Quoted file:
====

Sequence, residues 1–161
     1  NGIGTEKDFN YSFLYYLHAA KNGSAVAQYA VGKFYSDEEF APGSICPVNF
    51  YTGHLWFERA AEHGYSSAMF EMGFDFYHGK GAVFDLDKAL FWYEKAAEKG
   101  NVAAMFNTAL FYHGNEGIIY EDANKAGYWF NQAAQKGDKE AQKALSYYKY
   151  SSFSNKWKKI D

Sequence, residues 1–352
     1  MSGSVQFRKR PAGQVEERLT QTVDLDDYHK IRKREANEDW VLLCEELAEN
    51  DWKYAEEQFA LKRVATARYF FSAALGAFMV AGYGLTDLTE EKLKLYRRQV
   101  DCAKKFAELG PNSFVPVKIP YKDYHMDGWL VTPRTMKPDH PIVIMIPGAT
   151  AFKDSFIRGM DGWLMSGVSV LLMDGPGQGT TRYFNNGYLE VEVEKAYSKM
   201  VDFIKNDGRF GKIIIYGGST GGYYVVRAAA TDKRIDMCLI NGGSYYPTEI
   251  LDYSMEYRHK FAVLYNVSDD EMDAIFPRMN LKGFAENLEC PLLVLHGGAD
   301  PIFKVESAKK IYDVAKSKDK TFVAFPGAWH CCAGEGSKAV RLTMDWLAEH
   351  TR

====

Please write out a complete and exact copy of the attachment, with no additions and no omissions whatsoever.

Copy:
Sequence, residues 1–161
     1  NGIGTEKDFN YSFLYYLHAA KNGSAVAQYA VGKFYSDEEF APGSICPVNF
    51  YTGHLWFERA AEHGYSSAMF EMGFDFYHGK GAVFDLDKAL FWYEKAAEKG
   101  NVAAMFNTAL FYHGNEGIIY EDANKAGYWF NQAAQKGDKE AQKALSYYKY
   151  SSFSNKWKKI D

Sequence, residues 1–352
     1  MSGSVQFRKR PAGQVEERLT QTVDLDDYHK IRKREANEDW VLLCEELAEN
    51  DWKYAEEQFA LKRVATARYF FSAALGAFMV AGYGLTDLTE EKLKLYRRQV
   101  DCAKKFAELG PNSFVPVKIP YKDYHMDGWL VTPRTMKPDH PIVIMIPGAT
   151  AFKDSFIRGM DGWLMSGVSV LLMDGPGQGT TRYFNNGYLE VEVEKAYSKM
   201  VDFIKNDGRF GKIIIYGGST GGYYVVRAAA TDKRIDMCLI NGGSYYPTEI
   251  LDYSMEYRHK FAVLYNVSDD EMDAIFPRMN LKGFAENLEC PLLVLHGGAD
   301  PIFKVESAKK IYDVAKSKDK TFVAFPGAWH CCAGEGSKAV RLTMDWLAEH
   351  TR